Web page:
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I love getting questions and comments from readers! This page is for people who take me up on my offer to analyze their superhero related questions and scenarios. Feel free to send me one of your own (contact@superherolaw.com).

Greetings:

Recently I and some fellow super heroes fell victim to a death trap placed by a notorious super villain.

In this trap, the heroes were trapped in one room and a supposed unconscious known murderous villain in another. It appeared that the rooms were separated by “Questenite” glass.

We awoke from a severe beating at the hands of some of this Super Villains minions, very groggy and feeling the effects of a poisonous gas. The said super villain appeared on a view screen, delivered his monotonous soliloquy in which he gave us a choice to push one button to release the antidote to our room which would route the poison gas only to the other room or push a different button which would do the exact opposite, thereby killing 4 out of the 5 heroes (one of the heroes had life support and was feeling no effects from the gas).

The hero with the life support opted to push the button to save the heroes, his argument being one of a pure numbers game, saving 4 people instead of just one. I was about to push the same button for a slightly different reason, that of saving the lives of heroes that protect the innocent on a daily basis in lieu of a known murderous villain.

As should have been expected, the “villain” in the other room was not the “villain” we expected, but the recently acquitted brother of one of the present heroines. The brother had been genetically altered into a demon like creature that killed several people, but it had been successfully argued that once he was rid of the genetic mutation he was not liable for the actions committed by his altered self. I personally suspect super powered influence on this acquittal decision as it had been witnessed to be done on a previous court hearing.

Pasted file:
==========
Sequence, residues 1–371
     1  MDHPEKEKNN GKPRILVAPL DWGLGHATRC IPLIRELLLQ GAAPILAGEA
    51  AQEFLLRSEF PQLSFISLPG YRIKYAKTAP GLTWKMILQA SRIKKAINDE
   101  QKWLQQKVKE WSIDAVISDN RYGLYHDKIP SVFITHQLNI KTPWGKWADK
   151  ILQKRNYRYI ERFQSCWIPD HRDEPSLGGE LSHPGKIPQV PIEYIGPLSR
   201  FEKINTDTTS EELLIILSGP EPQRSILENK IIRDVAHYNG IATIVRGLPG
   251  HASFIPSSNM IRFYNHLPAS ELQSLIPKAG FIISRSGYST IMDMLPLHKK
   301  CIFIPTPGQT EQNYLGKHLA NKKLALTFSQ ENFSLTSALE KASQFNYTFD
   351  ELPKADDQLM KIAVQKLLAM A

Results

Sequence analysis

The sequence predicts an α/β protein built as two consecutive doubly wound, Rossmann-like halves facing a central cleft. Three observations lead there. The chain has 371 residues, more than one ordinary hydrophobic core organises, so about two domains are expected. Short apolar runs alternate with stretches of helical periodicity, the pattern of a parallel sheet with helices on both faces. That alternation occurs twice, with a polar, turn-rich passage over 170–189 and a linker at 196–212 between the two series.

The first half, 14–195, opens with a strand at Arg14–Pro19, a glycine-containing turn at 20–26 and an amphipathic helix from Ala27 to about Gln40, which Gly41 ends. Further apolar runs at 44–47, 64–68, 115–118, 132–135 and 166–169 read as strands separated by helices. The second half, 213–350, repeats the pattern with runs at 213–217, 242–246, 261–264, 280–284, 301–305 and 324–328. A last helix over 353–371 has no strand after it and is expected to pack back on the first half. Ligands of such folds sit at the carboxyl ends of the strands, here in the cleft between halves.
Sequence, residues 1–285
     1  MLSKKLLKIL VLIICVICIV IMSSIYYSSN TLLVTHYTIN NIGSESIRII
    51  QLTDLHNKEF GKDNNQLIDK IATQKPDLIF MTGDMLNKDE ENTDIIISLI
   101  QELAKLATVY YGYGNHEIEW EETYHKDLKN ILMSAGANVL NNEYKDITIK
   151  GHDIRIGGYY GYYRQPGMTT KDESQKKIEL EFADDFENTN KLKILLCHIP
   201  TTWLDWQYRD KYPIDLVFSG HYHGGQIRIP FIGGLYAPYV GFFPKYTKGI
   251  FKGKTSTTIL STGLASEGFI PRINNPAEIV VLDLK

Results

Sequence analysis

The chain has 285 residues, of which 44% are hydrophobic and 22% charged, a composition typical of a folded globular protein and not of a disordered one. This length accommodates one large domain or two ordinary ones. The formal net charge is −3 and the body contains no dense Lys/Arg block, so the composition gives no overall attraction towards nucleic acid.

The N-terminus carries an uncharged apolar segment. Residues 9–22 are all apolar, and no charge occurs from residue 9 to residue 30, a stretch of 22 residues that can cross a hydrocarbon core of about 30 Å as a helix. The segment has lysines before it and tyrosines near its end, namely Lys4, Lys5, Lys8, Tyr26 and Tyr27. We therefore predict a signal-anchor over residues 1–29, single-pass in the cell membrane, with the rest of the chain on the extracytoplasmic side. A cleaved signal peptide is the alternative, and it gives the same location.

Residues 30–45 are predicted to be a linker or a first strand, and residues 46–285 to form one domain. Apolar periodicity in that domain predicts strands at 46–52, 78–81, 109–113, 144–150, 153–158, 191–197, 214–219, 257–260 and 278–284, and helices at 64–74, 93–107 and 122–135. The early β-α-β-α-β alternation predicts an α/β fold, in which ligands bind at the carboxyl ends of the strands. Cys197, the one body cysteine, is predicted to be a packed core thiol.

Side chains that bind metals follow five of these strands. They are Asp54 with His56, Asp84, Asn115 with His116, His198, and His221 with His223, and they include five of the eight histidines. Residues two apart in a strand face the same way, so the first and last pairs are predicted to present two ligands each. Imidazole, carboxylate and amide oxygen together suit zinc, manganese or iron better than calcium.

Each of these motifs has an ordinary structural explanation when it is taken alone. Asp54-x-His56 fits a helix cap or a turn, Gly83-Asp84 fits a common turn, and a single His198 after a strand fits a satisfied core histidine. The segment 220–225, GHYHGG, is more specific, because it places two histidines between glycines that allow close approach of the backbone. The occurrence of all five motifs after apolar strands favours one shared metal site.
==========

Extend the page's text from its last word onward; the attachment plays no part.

What legal grounds do the heroes have for self defense/preservation in this circumstance?

Thank you.

Falcon

Falcon,

Thanks for following my blog and for sending me your question.

There are a number of legal theories that serve to immunize an actor from liability for otherwise criminal or tortious conduct when the actor is presented with a situation completely outside their control. An individual must still act reasonably under such circumstances but the threshold for “reasonable” behavior is lowered to the conduct that would be expected of someone faced with a similar exigency and with similarly limited time to act. Immunity provided under these theories is not without limitations and somewhat strict requirements for qualification.

Emergency Doctrine:

When an actor is presented with an emergency and provided insufficient time to exercise the same level of care and prudent decision making as is ordinarily required of a reasonable person, this doctrine can excuse the actor from the liability normally associated with a failure to exercise due care. As with most other legal theories associated with danger, for someone to avail themselves of the benefits and protections of the theory, they must be in danger through no fault of their own. Some jurisdictions may view the act of fighting crime to be an invitation to dangerous situations. Certainly other such ultra-hazardous activities have been shown to fall outside the limit of protection for emergencies. Also at issue in the present situation is the particular poison gas used, specifically as it relates to the time it requires to cause harmful effects to the superhero prisoners. The greater the amount of time provided to your group to make your decision, the less likely it is that the emergency doctrine would apply. Although you may still have been in a dangerous and stressful situation, sufficient time to make a conscious, thought out decision, would negate the rationale for not finding negligence in situations where snap decisions are required. Actual danger is not required, however the apprehension of danger must be reasonable in light of an actor’s subjective mental state and an objective look at the situation.